This article was co-authored by Paul Carroll, Program Director at Ploughshares Fund.
On March 11, there were 443 nuclear reactors operating around the world. On March 12, that number shrunk by four.
An earthquake, a tsunami and a record of poor safety management converged to create one of the worst nuclear accidents in history. The crisis at the Fukushima nuclear plant is still unfolding and, after some progress earlier this week, has again taken a grim turn with signs that at least one of the reactors may have been breached. Even under the best of circumstances, it is likely that four of the six Fukushima Daiichi reactors are a total loss. Japanese officials are considering what some believe inevitable--entombing the reactors in mounds of sand and concrete, as was done at Chernobyl. If so, the four sarcophagi on the Japanese shoreline will become stark reminders of the limits of human control.
It is one of the great achievements of humankind that we can split the atom. The nuclear energy released, however is inherently dangerous--whether in a power plant or a bomb. And not just dangerous like skydiving or gasoline tanks may be dangerous, but dangerous on an immense scale and duration.
Atoms for War and Peace
The world learned of the dawn of the atomic age with the bombing of Hiroshima. The immense energy symbolized by that mushroom cloud inspired both fear and respect. Since then, the inherently dual nature of nuclear power has been developed and deployed widely for both military and civilian purposes. At the height of the Cold War, American and Russian arsenals topped 68,000 nuclear weapons, while nuclear power plants became commonplace, spreading to 30 countries, accounting for 14 percent of the world's electrical production today.
Hiroshima and Fukushima, of course, are very different in fundamental ways. Hiroshima was an intentional bombing that happened in a blink, killing or injuring 135,000 people and destroying 70,000 buildings. Fukushima is the result of unprecedented natural disasters overwhelming safety systems with its consequences for the civilian population metered out over days, weeks or years.
But the connections between the two are just as fundamental. Both involve our collective deception that we can always control the nuclear machines we invented. We cannot. There have been dozens of close calls, false alerts and near launches in the nuclear age. In one instance, a US bomber crash dropped two hydrogen bombs over North Carolina. Five out of six of the bomb's arming devices activated -- only the sixth prevented an actual nuclear detonation.
August 29, 2007 provides a more recent reminder. On that day the U.S. Air Force lost track of the equivalent of 60 Hiroshima bombs for 36 hours. A B-52 bomber flew across the country with six nuclear missiles tucked under its wings. Unknown to the air crews, the missiles were each armed with a 150-kiloton nuclear warhead, ten times the power of the bomb that destroyed Hiroshima. The crew thought they had loaded conventional, non-nuclear missiles. The worst news? No one noticed they were missing. If anyone had asked 20 top experts before this event if anything like this was possible, they all would have said absolutely not.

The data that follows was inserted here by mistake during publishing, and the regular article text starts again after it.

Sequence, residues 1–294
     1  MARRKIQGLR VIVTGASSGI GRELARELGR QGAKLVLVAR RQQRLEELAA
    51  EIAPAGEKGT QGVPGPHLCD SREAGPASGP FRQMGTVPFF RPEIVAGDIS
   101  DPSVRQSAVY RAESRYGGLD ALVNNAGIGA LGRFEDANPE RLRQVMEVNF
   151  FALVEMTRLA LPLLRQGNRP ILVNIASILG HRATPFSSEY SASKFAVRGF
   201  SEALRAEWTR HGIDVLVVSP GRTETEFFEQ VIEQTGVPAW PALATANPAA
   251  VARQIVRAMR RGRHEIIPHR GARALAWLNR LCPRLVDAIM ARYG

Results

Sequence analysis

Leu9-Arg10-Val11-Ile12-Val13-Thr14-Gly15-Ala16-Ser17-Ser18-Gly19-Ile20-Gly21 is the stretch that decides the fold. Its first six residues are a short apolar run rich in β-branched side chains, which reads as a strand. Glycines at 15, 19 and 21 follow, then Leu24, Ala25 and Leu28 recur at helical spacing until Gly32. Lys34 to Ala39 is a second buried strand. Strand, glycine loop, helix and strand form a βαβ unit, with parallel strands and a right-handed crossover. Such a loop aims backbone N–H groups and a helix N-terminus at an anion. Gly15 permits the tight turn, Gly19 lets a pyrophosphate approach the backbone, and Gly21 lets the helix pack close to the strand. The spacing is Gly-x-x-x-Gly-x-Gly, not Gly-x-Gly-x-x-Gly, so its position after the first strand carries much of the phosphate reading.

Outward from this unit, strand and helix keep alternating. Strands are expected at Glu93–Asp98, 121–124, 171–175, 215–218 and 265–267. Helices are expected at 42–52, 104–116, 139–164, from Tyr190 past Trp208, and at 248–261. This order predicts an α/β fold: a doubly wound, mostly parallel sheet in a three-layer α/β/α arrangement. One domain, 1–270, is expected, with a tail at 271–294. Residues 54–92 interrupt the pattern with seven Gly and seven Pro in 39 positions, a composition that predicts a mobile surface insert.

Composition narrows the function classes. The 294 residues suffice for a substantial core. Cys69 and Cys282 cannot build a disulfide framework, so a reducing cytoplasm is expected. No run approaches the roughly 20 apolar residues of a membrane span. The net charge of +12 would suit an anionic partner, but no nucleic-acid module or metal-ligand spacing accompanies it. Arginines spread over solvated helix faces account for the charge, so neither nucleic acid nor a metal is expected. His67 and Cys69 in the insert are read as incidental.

Similarly, top experts in the nuclear power industry would have said Fukushima was impossible. In fact, safety plans for nuclear reactors around the world are based on the unlikely never happening. Cost considerations encourage designing plants to withstand likely earthquakes and natural disasters, but not all those that are possible.
The crisis in Japan has triggered a wave of concern around the world. Construction of plants is being delayed, renewal of licenses for existing but aging plants are being reconsidered, and investors for the already expensive new reactors have become more skittish. The nuclear renaissance heralded over the past few years may be dying.
Pathways to Safety
Nuclear energy -- whether in a bomb or a power plant -- always risks getting beyond our control. With bombs, there is a strong and growing global consensus that their time has passed, that their risks greatly outweigh their benefits. International security leaders increasingly say that we must move quickly and steadily to eliminate them.
There is no such a consensus on nuclear energy. But as long as we rely on nuclear energy we must do more to ensure it is run safely. President Obama has called for a 90-day review by the Nuclear Regulatory Commission (NRC) of U.S. plants. This is a prudent step, but the minimum that is needed. The review must be more expansive and more independent.
The public will only be assured if an independent body, such as the National Academy of Sciences, reviews the safety of U.S. nuclear plants. Some have called for internationalizing such a review; this would also increase the credibility of such a task force. Further, the review should be extended to the nuclear facilities and materials in national defense sectors -- we already split atoms, we needn't split the safety and security aspects across bureaucracies. Finally, don't make this a one-time process. Establish expert and credible standing teams that consistently and thoroughly scrutinize our nuclear safety.
Shima means "island" in Japanese. We must make sure that Hiro- and Fuku- do not remain islands in our collective experience, but rather lead to an improved and sustained nuclear safety culture.